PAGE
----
Aside from Day of the Dead's Bub, the zombies in this movie are more advanced than anything we've seen from Romero, and that grated on the nerves of some Dead loyalists. With one glaring exception, it didn't really bother me all that much, though. After all, Bill Hinzman -- the very first Romero zombie -- picked up a rock to smash a car window in Night of the Living Dead, and the evolution of the undead over however many years of movie-time later doesn't seem out of place. My only gripe is that Big Daddy, the leader of the zombies, is too human. Hell, he's the most prominent zombie in the movie and is never once shown gnawing on anyone. I get that part of Romero's metaphor is that zombies really aren't that different from us, but...yeah, they kinda are, George, what with the rotting and flesh-eating and infecting all of us happy-meals-on-legs and everything. Aside from the whole cadaverous, cannibalism thing, some of the key undead just seem like slow-moving, dim-witted humans. I'm sure that's Romero's point, but I preferred it when they were painted more as a force of nature rather than some sort of tribe. Big Daddy probably deserves his own paragraph of endless bitching, but even without a word of dialogue, Eugene Clark somehow manages to overact every damn time he lurches in front of the camera. Every reaction he has to anything consists of a drawn-out, 240 decibal bellow, and it seems like half the time, that'd be followed by some sort of swooping crane shot as if this were The Shawshank Redemption or something.

The whole Dead Reckoning angle is a complete waste, and I would've rather had some of that time spent better establishing the state of society as a whole. Land of the Dead doesn't give a strong sense of how much time civilization has been in tatters, and although Romero is heavy-handed with the class struggle angle, he doesn't offer much of an impression how day-to-day life has really changed. The comparatively subtle social commentary Romero infused into his other zombie movies has been tossed out. Land of the Dead has its share of social and political commentary, but it's not mixed in all that deftly, so instead of subtext, there's just highlighted, quadruple-underlined text. Even my sixth time through, I'm still caught off-guard by how abruptly Land of the Dead trails off. The movie ends but doesn't really have an ending, and neither what passes for a climax nor its kinda weak conclusion really satisfy. What happens in the climax is fine, just doesn't feel like a climax.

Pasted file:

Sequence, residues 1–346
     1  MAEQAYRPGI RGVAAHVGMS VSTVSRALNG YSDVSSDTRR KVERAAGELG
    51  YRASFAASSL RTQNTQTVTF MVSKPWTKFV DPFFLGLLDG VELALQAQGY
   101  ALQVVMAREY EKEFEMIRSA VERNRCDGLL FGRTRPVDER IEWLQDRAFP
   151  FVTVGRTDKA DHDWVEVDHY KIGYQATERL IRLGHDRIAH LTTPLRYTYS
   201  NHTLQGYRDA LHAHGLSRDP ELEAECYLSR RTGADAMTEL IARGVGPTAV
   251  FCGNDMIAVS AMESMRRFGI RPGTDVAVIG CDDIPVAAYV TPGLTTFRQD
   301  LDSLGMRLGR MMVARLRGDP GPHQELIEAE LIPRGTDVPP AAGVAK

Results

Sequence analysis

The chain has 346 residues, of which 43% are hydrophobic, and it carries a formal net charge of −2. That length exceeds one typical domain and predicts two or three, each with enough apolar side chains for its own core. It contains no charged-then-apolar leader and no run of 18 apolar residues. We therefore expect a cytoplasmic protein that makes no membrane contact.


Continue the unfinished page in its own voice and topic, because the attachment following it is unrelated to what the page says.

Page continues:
I'm being much harder on Land of the Dead than I would be if it had a different
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writer/director's name in its opening credits, but I don't want to give the impression that it's unredeemably bad. For one, Romero appears to have taken into consideration some of the criticism swirling around Day of the Dead, switching gears away from the glacial pace of that movie's first hour to something much more breakneck. The increased tempo has its downsides, but Land... plows forward quickly enough that the pacing never has a chance to drag, and even this lengthier 97 minute cut feels like it runs half that. The movie has a cacklingly dark sense of humor, and especially in this more gruesome director's cut, Land of the Dead is unflinchingly gory. Tonsils are torn out of a soldier's mouth, some poor schlub is grabbed by his lips and has his skin yanked over his head, a severed arm is split in half like a wish bone...and that's just three of dozens upon dozens of brutal kills sopping with splatter. The quality of Greg Nicotero's skilled effects work and the production design make Land of the Dead look like it's toting at least a $35 to $40 million price tag, and I'm still floored that Romero and his immensely talented crew pulled it off for $17 million and change.